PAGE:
The Heritage of Motherhood, Gertrude Kasebier, 1904.
Jane Ussher is a professor of women’s health psychology at the University of West Sydney, and author and editor of several studies on women’s health and psychology issues.
Prof. Ussher believes that the social norms and expectations of being female can program women to become depressed. To put it bluntly:
“…female unhappiness is often an understandable response to the realities of women’s lives…”
She describes a familiar scenario in which we expect ourselves to juggle a partner, children, job, homes, and extended family responsibilities—happily. When we find ourselves in an unhappy funk, we seek help…only be told that we are experiencing a problem that’s probably caused by our bodies.
While many causes of depression undoubtedly are physical, seldom are we encouraged to ask larger questions of the world in which we live, and the myths we’ve picked up about what it means to be a woman.
When I was an Air Force wife in Alaska, I naively visited a military psychiatrist about my post-partum depression. He told me it was my responsibility to support the mission of the Air Force. To do this I needed to parent without putting pressure on my husband. This was my role. If I “failed” I would need to be medicated. If that failed…well, he sort of raised his hands in a hopeless gesture while mentioning electric shock therapy.
This was only twelve years ago.
Another time, when I was a young and single, a woman therapist told me I should slip out the back door of her office at the end of an emotionally draining session. You see, they had a young single man working at the reception desk. She felt certain I wouldn’t want the handsome dude to see me weeping.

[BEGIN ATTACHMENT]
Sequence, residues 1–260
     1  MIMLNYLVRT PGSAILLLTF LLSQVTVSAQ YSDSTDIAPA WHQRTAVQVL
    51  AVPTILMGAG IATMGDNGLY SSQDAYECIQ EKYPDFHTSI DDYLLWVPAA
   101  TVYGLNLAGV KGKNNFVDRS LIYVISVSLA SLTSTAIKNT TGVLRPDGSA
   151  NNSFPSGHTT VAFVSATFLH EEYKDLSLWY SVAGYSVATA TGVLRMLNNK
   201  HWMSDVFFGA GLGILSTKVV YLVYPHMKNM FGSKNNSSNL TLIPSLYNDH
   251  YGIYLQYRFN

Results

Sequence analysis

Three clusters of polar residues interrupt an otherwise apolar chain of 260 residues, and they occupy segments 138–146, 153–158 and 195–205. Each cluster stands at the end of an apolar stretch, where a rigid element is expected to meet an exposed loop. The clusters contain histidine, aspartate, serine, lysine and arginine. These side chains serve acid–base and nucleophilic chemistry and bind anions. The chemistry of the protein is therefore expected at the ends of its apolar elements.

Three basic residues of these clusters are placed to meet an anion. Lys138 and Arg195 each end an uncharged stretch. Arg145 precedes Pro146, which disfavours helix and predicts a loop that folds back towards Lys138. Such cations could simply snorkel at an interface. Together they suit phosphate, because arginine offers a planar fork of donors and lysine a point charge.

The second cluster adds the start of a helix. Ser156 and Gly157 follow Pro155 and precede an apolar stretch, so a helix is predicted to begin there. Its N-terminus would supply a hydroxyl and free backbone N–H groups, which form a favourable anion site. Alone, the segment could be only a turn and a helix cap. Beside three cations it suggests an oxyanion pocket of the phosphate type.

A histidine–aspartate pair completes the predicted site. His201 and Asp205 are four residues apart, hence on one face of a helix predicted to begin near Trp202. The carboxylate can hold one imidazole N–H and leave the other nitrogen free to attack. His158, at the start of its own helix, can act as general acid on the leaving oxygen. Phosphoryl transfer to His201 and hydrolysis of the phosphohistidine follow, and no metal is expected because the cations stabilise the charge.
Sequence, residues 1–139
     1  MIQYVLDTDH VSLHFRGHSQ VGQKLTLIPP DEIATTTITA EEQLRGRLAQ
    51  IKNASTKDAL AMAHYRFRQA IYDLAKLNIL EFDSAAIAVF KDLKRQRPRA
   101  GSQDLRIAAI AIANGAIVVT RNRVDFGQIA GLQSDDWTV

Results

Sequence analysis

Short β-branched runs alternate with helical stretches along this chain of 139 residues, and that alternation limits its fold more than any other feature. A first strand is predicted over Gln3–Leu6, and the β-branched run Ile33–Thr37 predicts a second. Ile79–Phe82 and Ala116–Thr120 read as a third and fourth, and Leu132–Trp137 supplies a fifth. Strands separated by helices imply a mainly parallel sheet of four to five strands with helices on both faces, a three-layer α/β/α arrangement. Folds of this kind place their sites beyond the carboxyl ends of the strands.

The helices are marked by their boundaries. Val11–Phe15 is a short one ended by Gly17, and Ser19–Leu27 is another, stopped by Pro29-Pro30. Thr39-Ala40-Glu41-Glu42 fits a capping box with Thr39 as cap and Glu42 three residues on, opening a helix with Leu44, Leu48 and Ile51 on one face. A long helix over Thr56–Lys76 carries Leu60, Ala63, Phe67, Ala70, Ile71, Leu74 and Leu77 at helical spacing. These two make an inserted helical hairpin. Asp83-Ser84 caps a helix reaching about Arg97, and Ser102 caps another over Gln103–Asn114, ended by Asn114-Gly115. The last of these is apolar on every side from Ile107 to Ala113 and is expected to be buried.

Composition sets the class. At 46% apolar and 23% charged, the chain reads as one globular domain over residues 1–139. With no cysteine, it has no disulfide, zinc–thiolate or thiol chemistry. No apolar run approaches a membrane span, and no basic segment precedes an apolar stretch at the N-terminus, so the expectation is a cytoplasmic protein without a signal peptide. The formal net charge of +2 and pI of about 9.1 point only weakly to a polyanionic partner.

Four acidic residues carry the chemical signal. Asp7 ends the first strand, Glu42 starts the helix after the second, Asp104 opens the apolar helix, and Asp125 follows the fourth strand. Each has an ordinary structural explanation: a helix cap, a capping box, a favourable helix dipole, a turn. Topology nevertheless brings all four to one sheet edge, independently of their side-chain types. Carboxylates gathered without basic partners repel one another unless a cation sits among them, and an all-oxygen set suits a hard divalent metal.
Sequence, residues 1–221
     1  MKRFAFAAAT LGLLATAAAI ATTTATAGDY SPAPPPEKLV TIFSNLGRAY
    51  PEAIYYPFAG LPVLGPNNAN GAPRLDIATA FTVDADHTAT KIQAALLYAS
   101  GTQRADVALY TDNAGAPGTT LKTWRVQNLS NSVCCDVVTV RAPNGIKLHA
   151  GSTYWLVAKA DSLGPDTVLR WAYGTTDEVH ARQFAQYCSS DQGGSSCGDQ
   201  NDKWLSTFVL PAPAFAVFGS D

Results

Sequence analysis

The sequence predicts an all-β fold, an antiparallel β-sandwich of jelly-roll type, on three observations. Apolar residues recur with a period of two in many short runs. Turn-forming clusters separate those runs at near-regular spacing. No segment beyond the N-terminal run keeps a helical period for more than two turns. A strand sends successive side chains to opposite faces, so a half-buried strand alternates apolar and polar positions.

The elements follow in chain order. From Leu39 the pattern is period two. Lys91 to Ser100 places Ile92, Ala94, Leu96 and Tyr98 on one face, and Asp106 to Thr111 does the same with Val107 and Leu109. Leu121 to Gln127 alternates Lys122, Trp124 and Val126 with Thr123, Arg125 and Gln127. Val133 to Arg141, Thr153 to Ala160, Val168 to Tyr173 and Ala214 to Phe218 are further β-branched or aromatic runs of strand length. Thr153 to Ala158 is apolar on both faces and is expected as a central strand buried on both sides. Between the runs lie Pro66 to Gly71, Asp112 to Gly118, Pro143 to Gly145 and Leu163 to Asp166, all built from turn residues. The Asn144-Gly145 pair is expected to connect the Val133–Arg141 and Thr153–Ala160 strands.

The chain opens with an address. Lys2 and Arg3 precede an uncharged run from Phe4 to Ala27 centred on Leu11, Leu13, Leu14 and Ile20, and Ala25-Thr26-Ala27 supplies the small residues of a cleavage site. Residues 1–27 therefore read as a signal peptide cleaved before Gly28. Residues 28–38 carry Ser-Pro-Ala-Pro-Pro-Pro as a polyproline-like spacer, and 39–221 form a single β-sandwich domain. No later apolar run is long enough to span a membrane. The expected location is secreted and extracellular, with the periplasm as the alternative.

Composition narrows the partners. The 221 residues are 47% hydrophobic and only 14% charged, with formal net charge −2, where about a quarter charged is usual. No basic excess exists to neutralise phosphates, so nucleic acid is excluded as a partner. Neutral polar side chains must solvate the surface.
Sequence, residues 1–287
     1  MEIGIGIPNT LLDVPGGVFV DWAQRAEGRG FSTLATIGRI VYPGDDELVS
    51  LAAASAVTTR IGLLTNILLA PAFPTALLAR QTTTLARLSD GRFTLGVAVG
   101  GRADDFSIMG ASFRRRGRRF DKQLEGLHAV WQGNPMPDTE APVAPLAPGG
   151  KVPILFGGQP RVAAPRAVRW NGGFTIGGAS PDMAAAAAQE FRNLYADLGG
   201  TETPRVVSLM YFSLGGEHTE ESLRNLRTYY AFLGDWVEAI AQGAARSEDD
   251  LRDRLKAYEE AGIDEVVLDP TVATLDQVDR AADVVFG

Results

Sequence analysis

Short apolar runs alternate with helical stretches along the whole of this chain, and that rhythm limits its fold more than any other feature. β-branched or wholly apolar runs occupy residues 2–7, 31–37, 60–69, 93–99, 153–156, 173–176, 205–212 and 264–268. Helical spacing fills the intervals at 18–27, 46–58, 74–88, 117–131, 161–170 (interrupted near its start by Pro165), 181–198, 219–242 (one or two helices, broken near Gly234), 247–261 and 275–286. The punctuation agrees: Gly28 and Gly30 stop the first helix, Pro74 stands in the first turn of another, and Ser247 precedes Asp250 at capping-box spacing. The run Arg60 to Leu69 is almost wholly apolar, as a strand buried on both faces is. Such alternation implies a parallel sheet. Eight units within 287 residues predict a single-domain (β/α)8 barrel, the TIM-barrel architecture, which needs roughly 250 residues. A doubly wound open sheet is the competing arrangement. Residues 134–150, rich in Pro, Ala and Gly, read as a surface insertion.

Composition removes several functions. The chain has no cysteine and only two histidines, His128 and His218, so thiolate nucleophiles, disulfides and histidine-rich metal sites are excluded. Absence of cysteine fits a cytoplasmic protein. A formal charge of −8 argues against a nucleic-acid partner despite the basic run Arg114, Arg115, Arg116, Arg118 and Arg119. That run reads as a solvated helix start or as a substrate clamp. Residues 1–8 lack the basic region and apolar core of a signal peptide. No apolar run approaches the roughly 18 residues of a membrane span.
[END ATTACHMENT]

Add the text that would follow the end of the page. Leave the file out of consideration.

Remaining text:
Years later, a different woman therapist told me I needed to get a grip on my depression because my husband deserved a happy wife.
Another time, a woman therapist told me I would feel better if I gave more to others…that I should do some volunteer work.
What did all these experiences have in common? People, undoubtedly well-meaning, communicated that I wasn’t being a proper woman. Through my depression, I was failing men and failing other people. Shame on me.
I listened, and I did not get better.
Fortunately, the statistical incidence of depression in women tends to fall off in middle age and later—say, after menopause or thereabouts. Professor Ussher’s research suggests this is because these are generally the years that women can finally leave behind the myths about what it means to be feminine—if we want to; if they’re no longer working for us. It’s the time when we can finally risk saying no if we desire; experiment with being who we are; and figure out what we need.
Whether we come to this place out of desperation or liberation, I believe we need to get there.
Now the question is, how do we do that?
click here to see the article on Jane Ussher’s work that I used and quoted in this post.